June 9, 2022 Reading Time: 3 minutes

As Americans continue to reel from years of dismisinfoganda, government censorship, and government-inspired, if not directed, private censorship, they would do well to recall several previous episodes of government interference with the free flow of facts, including the Alien and Sedition Acts of 1798, the suppression of abolitionist tracts in the antebellum slave South, and the Sedition Act of 1918.

One largely forgotten episode of government censorship involved America’s occupation of the Philippines and Edward Atkinson (1827-1905), a wealthy industrialist and insurance company executive from eastern Massachusetts. Much like Elon Musk, Atkinson was an avid inventor, most famously of the Aladdin Oven, an early crock pot fueled by kerosene and insulated with asbestos. It was no spaceship, but it was reusable. Atkinson was also one of the first scientific dieticians and would likely have approved of Musk’s irradiated and dollar-a-day diets. Also like Musk, Atkinson was quite the droll troll.

Most importantly, Atkinson was a staunch liberal, of the classical variety, and a longtime opponent of slavery, tariffs, national monies, and imperialism. Naturally, he joined the American Anti-Imperialist League, which formed in June 1898 to protest the Spanish-American War, as a vice-president.

In 1899, the aging but prolific Atkinson joined the battle for hearts and minds by self-publishing two short antiwar “treatises,” The Cost of a National Crime and The Hell of War and Its Penalties. For daring to share his thoughts on current events, some branded him a traitor, others a patriot. Some former friends abandoned him like a used Covid mask, while some of his former foes became warm friends.

Because mutual interactive broadcast media was still a century away, and telegrams then were only a series of dots and dashes, the audacious Atkinson sought to increase the impact of his pamphlets by asking the US government for the names and addresses of US officers and enlisted personnel occupying the Philippines, one of the territories seized during the short conflict with Spain the year before.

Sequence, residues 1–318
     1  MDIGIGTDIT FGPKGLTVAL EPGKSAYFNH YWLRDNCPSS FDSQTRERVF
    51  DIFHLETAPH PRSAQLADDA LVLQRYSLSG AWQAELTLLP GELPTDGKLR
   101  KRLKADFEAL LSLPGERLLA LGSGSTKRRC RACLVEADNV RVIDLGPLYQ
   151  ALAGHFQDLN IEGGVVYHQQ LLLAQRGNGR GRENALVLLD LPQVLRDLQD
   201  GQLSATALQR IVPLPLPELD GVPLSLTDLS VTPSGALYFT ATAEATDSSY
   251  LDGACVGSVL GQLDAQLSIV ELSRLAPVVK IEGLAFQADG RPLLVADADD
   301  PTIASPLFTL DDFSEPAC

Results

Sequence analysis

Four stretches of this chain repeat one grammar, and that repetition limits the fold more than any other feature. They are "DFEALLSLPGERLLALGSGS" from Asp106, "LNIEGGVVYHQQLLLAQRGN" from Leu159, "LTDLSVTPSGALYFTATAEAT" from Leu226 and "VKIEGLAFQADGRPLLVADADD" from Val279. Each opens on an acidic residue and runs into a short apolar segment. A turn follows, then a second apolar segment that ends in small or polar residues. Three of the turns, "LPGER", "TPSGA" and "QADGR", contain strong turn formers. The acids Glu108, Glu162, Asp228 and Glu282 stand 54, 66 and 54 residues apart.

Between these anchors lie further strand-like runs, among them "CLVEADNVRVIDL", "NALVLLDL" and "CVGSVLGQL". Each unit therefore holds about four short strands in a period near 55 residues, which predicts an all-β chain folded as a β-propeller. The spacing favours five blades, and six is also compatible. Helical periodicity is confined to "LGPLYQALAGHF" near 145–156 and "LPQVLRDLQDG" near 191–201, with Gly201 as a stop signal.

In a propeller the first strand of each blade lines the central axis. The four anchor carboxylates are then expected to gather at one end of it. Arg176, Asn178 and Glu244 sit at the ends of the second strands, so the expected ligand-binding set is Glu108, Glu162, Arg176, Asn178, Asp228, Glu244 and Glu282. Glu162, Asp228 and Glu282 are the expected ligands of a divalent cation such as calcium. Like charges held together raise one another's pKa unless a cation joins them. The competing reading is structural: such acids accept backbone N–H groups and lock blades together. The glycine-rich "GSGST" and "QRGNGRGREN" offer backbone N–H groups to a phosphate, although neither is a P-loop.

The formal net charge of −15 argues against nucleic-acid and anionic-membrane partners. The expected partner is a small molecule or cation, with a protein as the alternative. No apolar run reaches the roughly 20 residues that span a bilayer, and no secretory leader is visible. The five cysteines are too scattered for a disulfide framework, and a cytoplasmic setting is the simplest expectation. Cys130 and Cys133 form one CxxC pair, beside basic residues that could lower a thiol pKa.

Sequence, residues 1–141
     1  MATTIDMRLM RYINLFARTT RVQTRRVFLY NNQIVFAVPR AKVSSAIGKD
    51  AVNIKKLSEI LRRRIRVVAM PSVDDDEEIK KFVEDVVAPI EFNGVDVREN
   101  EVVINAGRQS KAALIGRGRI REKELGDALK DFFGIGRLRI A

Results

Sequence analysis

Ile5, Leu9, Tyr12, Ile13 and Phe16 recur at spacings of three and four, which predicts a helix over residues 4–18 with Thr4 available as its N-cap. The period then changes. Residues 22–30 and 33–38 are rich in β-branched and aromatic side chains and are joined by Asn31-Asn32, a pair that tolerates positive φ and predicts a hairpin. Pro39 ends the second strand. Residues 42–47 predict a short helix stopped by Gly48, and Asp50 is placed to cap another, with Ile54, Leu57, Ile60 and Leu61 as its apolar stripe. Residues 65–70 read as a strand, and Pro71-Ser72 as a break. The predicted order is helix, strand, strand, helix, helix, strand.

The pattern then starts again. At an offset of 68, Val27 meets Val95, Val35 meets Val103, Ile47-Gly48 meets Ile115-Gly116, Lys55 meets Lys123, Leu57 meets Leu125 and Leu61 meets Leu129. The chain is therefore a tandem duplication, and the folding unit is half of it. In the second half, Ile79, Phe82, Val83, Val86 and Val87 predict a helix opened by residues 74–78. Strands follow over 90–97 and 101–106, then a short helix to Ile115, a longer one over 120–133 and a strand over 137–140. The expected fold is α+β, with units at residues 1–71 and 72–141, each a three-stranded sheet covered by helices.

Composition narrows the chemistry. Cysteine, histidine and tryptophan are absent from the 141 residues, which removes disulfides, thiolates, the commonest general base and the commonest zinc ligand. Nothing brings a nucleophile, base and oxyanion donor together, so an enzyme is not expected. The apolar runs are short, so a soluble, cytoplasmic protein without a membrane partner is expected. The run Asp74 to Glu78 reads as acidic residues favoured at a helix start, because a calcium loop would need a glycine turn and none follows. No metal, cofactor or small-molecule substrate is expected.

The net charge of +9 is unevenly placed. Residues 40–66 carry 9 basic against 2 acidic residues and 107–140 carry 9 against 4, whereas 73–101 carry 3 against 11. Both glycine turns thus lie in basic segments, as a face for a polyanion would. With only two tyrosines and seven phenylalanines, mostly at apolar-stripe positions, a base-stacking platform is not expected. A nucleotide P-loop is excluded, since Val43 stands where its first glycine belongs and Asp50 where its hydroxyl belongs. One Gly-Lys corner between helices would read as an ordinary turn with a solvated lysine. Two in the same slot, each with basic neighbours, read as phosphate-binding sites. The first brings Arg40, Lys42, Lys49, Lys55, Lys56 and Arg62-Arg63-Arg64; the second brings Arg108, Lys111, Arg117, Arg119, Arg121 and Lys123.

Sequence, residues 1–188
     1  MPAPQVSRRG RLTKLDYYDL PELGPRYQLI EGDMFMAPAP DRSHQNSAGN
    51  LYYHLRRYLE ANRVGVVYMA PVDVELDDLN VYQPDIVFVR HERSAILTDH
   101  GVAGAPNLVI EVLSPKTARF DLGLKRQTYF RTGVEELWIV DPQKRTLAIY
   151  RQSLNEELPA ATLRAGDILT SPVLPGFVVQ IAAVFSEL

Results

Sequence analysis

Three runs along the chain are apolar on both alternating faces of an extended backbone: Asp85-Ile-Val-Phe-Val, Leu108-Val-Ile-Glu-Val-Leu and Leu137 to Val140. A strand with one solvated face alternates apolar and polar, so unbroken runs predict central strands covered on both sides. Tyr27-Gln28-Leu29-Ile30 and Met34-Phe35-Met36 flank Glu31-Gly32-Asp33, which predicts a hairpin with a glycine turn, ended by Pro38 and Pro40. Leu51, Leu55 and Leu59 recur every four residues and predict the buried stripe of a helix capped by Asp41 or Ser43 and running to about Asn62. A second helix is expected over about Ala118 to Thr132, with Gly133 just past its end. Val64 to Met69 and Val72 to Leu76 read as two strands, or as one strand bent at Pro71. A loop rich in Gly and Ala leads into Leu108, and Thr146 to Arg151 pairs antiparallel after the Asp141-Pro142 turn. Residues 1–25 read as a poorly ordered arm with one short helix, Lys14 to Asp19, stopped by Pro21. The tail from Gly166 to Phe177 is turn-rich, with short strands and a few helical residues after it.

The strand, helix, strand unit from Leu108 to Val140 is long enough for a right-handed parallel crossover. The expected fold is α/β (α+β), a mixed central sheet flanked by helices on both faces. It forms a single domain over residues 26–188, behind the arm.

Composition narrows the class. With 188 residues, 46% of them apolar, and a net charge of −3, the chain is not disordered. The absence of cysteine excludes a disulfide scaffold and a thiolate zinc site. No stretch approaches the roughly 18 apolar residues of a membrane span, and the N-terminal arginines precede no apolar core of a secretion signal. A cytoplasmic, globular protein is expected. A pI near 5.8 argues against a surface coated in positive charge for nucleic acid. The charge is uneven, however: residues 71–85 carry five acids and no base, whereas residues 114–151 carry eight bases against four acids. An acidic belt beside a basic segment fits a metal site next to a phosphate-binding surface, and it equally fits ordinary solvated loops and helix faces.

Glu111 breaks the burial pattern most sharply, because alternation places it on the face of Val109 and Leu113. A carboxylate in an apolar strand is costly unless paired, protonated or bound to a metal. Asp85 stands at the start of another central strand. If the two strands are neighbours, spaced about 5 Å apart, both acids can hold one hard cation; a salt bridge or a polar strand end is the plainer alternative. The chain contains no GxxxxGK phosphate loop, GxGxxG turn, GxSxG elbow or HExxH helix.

Unsurprisingly, the federal government responded to Atkinson’s generous offer with silence. After Atkinson insisted on sending hundreds of copies of his pamphlets towards Manila anyway, the US postmaster general ordered them seized before they left San Francisco Bay. Intentionally or not, the ploy brought Atkinson sufficient free publicity to move 135,000 copies of his presumably seditious publications.

Atkinson’s response to the feckless bureaucrats remains priceless, though 57 characters too long for a tweet:

I think the members of the Cabinet have graduated from an asylum for the imbecile and feeble-minded. They have evidently found out their blunder because the Administration papers suddenly ceased their attacks on me all on the same day, and I miss the free advertisement. I am now trying to stir them up again to provoke another attack.

To provoke another lucrative attack, Atkinson penned yet another anti-Imperialist pamphlet, Criminal Aggression: By Whom Committed?, in what he called “my strongest bid yet for a limited residence in Fort Warren,” the iconic fort in Boston Harbor that had been converted into a prison during the Civil War. Alas, government officials refused to take the bait and martyr the old man. Clearly, Atkinson, like Musk, was too rich, famous, and intelligent to be canceled, let alone incarcerated.

Atkinson did not sue the postal system for interfering with the dissemination of his pamphlets, likely because the military could have stopped them in the Philippines anyway. Importantly, the postmaster general did not interfere with their domestic distribution.

And therein lay the lesson of the episode. Despite the similarities between Atkinson and Musk, and the coordination between the “Administration papers” then and today’s mass media echo chambers, there remained lines that the government was not prepared to cross. Although the administration controlled some newspapers, it did not control them all. Atkinson could not mass mail his tracts to Manila, but plenty got through by private conveyance. And they were widely read and discussed at home, which was where policy was being set anyway. 

Moreover, Atkinson did not have to worry about the government retaliating with an audit because there were no income taxes at the national or state level until after his death. Nor was he concerned about increased SEC scrutiny because the SEC formed much later, during the New Deal, and the first state securities Blue Sky law was still more than a decade and half a continent away. Tellingly, Atkinson knew that nobody was even thinking of seizing his bank account, because only a tyrant would or could do that. Defenders of liberty today are not so fortunate.

Robert E. Wright

Robert E. Wright

Robert E. Wright is the (co)author or (co)editor of over two dozen major books, book series, and edited collections, including AIER’s The Best of Thomas Paine (2021) and Financial Exclusion (2019). He has also (co)authored numerous articles for important journals, including the American Economic ReviewBusiness History ReviewIndependent ReviewJournal of Private EnterpriseReview of Finance, and Southern Economic Review. Robert has taught business, economics, and policy courses at Augustana University, NYU’s Stern School of Business, Temple University, the University of Virginia, and elsewhere since taking his Ph.D. in History from SUNY Buffalo in 1997. Robert E. Wright was formerly a Senior Research Faculty at the American Institute for Economic Research.

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